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On Why Michael Showalter’s “Erotica” is Pretty Much The Musical Equivalent to Wes Anderson’s “The Life Aquatic with Steve Zissou”…Only Better

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Michael Showalter Life Aquatic

After literally dozens of times through Michael Showalter’s hot new single “Erotica” it began to dawn on me that the song’s theme, details and setting could pretty much pass for a Wes Anderson movie. Then reality smacked me boldly in the face and shouted “it is a Wes Anderson movie, retard!” And as it turns out, Michael Showalter’s “Erotica” is pretty much the musical equivalent to Wes Anderson’s The Life Aquatic with Steve Zissou. Not merely through ridiculous settings, character names, remarkably unnecessary uses of terminology, grave plot twists, sexual overtones or quirky one liners however, but they both try to say something about life when all is said and done. And that’s what really matters.

First, the horribly fictional settings that both the movie and the song find themselves taking place in. “Erotica” bounces from Bermuda (deep sea fishing), to the Rare Book Archive at the Firestone Library to a simple hospital room where the song concludes. Not to be outdone however, The Life Aquatic spends most of its time on a submarine (The Belafonte), with countless tangents all about the Italian Riviera and beyond. In terms of mental visualization, the description given by “Erotica” is mute compared to the visuals given in the movie, but all the same, the comparisons are there.

Much along the lines of the comically absurd settings are the criminally laughable character names. By far the winner is The Life Aquatic even when only using some of the main characters’ first names (Eleanor, Klaus, Alistair, Oseary, Pelé, Vikram and Kingsley). The Life Aquaticdemonstrates not simply a reach for the unusual in doing so, but a thrust towards the presumptuous. Far from the same level of branding comes from “Erotica,” which simply explains one of the sailors as Edgar MacCabe, hardly a presumptuous name when you think about it. William Iverson and Margery the librarian do little in terms of adding to my struggle for similarities, but again, far from me to say that I find no comparisons.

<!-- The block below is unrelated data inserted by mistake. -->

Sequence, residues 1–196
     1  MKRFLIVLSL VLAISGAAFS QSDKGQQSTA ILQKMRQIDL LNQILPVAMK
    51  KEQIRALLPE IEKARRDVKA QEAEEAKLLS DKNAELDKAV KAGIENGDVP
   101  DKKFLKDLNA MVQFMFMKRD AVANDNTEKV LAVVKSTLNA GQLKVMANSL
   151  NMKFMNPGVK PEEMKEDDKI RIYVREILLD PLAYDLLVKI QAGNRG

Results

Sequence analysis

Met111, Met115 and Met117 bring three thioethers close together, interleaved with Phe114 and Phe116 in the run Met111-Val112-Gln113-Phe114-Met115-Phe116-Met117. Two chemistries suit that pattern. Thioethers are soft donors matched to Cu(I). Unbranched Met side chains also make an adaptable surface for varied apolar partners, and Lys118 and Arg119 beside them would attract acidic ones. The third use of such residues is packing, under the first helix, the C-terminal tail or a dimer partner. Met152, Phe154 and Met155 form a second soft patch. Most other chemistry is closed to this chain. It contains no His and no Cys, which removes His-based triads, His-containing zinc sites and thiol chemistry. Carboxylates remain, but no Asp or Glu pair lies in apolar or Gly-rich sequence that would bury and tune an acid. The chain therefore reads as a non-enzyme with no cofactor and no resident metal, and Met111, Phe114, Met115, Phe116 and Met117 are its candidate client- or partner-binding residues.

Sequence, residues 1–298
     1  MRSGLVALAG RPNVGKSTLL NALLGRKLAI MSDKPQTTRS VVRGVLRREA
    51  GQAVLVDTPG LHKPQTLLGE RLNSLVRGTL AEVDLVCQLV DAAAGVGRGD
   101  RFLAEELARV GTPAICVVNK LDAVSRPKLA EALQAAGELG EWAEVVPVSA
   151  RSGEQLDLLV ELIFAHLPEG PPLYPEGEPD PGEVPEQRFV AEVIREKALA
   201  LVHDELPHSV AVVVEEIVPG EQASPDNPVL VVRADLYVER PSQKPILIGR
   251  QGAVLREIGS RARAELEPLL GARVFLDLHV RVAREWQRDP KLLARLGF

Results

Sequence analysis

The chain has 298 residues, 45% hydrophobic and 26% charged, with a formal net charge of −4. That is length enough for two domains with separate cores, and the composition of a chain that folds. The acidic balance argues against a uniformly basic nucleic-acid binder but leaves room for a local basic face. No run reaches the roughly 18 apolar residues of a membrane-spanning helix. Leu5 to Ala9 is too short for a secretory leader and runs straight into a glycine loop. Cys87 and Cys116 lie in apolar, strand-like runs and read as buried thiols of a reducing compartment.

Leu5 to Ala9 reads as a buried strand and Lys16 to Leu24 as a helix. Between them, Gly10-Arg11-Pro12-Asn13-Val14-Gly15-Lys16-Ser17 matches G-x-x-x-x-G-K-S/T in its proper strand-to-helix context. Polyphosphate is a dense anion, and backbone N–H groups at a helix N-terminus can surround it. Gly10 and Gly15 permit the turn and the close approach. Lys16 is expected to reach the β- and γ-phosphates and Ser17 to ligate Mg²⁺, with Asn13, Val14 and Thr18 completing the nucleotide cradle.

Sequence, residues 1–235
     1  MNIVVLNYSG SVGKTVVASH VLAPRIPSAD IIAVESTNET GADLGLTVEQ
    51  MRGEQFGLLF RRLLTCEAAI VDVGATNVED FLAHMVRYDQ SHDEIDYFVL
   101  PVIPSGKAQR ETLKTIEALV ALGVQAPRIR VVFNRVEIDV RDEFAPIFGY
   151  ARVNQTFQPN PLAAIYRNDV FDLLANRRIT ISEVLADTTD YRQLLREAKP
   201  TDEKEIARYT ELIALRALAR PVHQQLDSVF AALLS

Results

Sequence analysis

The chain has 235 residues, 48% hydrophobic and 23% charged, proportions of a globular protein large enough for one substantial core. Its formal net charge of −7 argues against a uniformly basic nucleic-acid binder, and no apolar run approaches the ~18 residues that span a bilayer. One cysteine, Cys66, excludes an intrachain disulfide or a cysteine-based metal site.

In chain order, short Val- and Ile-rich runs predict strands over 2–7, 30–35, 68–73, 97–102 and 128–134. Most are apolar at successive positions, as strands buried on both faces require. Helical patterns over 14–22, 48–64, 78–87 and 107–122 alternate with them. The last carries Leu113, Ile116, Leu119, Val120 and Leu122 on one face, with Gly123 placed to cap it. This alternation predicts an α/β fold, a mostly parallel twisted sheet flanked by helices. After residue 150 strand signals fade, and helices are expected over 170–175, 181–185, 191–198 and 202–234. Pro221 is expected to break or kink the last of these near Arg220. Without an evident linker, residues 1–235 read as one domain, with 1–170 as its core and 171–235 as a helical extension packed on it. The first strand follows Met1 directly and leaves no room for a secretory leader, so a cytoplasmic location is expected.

The most blazing reflection between “Erotica” and The Life Aquatic comes with the overly detailed terminology and/or descriptions given to various (sometimes mundane) plot elements. For “Erotica” these details come from two primary sources, food and sex. Though not as sexually explicit as the descriptions of various sandwiches later in the song, Showalter reflects, “There’s this young librarian I know named Margery, she’s very shy, you’d hardly even know she was there under all those bangs. But there’s something about her. Something about the way she unbuttons her blouse that one extra button, just enough so you’d notice – if you were paying attention. There’s something about the way she licks her lips while she reads her books. Something about the way she crosses her legs under the desk and lets her skirt ride up past her thigh revealing the fact that she’s not wearing any underwear. So you can just barely see a hint, just a suggestion, just the faintest little whisper of her pretty little tea pot dripping boiling hot water all over the floor.”